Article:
Questioning and model-free meta-cognitionSave as calendar entry
There has been a flurry of recent work on the cognitive neuroscience of curiosity. But everyone in the field offers definitions of curiosity that are metacognitive in nature. Curiosity is said to be a desire for knowledge, or a motivation to learn about something, and so on. This appears problematic. It either makes it difficult to see how curiosity can properly be attributed to cats and rats (let alone birds and bees), or it commits us to attributing capacities for self-awareness in these creatures for which we lack evidence. The goal of the talk is to offer a re-interpretation of the main findings in the literature, showing how it is possible for creatures to be curious while lacking any conception of their own or others’ minds. But at the same time I will argue that there is something that a metacognitive conception of curiosity gets right. The talk will first situate curiosity among affective states generally, before going on to elucidate both its contents and its dependence on forms of model-free sensitivity to one's own ignorance.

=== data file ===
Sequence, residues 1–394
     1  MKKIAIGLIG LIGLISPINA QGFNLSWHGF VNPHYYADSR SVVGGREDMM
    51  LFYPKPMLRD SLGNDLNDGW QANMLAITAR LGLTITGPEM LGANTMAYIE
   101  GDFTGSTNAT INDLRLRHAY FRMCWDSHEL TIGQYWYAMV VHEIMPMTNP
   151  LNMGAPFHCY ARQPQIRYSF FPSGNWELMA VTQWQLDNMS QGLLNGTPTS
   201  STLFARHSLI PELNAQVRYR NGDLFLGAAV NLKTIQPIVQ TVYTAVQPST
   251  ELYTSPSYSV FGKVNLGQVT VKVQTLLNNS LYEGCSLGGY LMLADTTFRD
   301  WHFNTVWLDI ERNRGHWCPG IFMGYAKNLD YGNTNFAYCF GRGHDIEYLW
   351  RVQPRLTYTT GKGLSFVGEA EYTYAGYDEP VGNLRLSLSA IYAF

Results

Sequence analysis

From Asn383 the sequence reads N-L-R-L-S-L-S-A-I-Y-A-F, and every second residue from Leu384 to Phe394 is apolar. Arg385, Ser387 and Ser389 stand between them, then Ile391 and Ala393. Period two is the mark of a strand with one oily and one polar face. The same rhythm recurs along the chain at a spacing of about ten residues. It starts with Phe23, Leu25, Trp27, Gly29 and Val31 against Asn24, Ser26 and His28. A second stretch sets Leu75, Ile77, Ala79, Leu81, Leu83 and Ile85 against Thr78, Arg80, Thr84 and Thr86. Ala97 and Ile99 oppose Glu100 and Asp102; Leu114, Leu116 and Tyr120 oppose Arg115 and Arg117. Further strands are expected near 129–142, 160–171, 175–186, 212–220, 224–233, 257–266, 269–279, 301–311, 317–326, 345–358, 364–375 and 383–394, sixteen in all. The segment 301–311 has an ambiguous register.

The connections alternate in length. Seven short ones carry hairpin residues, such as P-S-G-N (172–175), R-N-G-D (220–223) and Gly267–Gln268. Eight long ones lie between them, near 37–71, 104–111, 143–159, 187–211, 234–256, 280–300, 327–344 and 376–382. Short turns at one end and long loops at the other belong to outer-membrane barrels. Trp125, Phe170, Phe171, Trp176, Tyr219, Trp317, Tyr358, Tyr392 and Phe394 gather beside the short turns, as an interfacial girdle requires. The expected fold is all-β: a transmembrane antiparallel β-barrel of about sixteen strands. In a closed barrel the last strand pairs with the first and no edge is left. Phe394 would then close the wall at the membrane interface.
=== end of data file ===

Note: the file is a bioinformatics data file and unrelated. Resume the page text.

Peter Carruthers (University of Maryland)
will be held online via Zoom
Date and Time 28.09.22 - 15:00 - 16:30 Signup is not required
Department of Developmental Psychology, Leibniz ScienceCampus Primate Cognition & Collaborative Research Center 1528